A lot of creators, mostly those just starting out, rally around any mention about new distribution methods.  But what is stopping most of these titles from mass distribution is not Diamond per se, but the potential market that exists.  When you have well established characters, backed by decades of exposure, top creative and popular teams, sometimes propelled by movies and other licensing, and they’re only pushing the 15,000 sales mark, why would an unheard of title by unknown creators from a new publisher do better?  It seems there are so many creators out there who think that all they need is to be seen and they’d be successes.

Well, they can be seen.  The Internet is the great equalizer, whether its listings on Amazon, blogs, previews on fan sites, facebook, press releases, podcasts…whatever.  A lot of titles max out on the publicity and still have minimal sales.  Many of those creators blame Diamond…if only Diamond carried them, then they would turn the money losing book into a huge success…and profit.  But in actuality, that rarely happens.  Sure, there are exceptions but you can’t build a business…or launch a viable comic series…or start a career…on exceptions.  Those exceptions get so much attention because they are just that…outside the norm or expected.

I’m not saying Diamond is the good guy here ---what I’m saying is that Diamond is not necessarily the bad guy. Yes, there are a lot of good projects out there that get the shaft, distribution wise.  I’ve experienced it myself as a creator and a publisher.  I get pissed off and think that they’re being short-sighted and this not only applies to Diamond, but retailers, and fans as well.  But comics are no different from the millions of books that get published every year or the 1,000s of independent films that receive no distribution.  I’m not sure if people complain in those fields about how it’s the obligation of a distributor to carry EVERYTHING.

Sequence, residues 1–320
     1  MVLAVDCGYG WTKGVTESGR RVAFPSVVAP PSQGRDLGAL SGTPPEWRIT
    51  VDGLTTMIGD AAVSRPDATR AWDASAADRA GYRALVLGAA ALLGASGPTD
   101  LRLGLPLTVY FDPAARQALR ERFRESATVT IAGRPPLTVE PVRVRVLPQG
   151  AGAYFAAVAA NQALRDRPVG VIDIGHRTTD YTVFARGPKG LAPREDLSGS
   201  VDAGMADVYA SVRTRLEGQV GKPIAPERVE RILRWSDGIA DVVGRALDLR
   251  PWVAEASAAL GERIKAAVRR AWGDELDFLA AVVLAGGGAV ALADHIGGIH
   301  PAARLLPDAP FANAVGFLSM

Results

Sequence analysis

Let’s face it, there is a lot of crap out there in addition to the good stuff.  That’s where a company like Caliber served a function as well as many other companies (Slave Labor, Antarctic, etc)…it was a form of validation.  Sure, not all of the titles were great, or even good by some standards, but by being accepted by a publisher, it validated the title to some degree.  It told potential fans that someone else found this title interesting enough to publish so I believe that it gave a bit of creditability to that project.  Granted, it was usually based on just one person’s opinion (often the publisher) but at least it made the first cut.  Well, now Diamond is that cut.  They have a retailer committee evaluate the title to see if it would be something that could sustain itself in the direct market.  It’s a great idea by Diamond as it brings in more voices and at the same time, lets them off the hook as they can explain it was a team of retailers who determined it…not them.

The restriction on distribution isn’t the only hurdle, of course.  The simple (well, simple in principle, not execution) act of putting together a comic is not only a lot of work but can cost money.  Sites such as Kickstarter and IndieGoGo have opened enormous opportunities for creators to get funding for their projects.  But that still doesn’t address the distribution or awareness situation, and consequently, sales.

One of the major problems I see with all this talk of “creator owned” books and the formation of any kind of group, association, union, guild, alliance…whatever it’s called or whatever the implied structure discussed, is that not all “creators” are the same.  Just because someone wants to create their own comic, it doesn’t level the playing field and put them in the same category as everyone else.  Someone coming off a year’s run on Fantastic Four versus someone who draws stick figures do not bring the same essence to creator owned comics.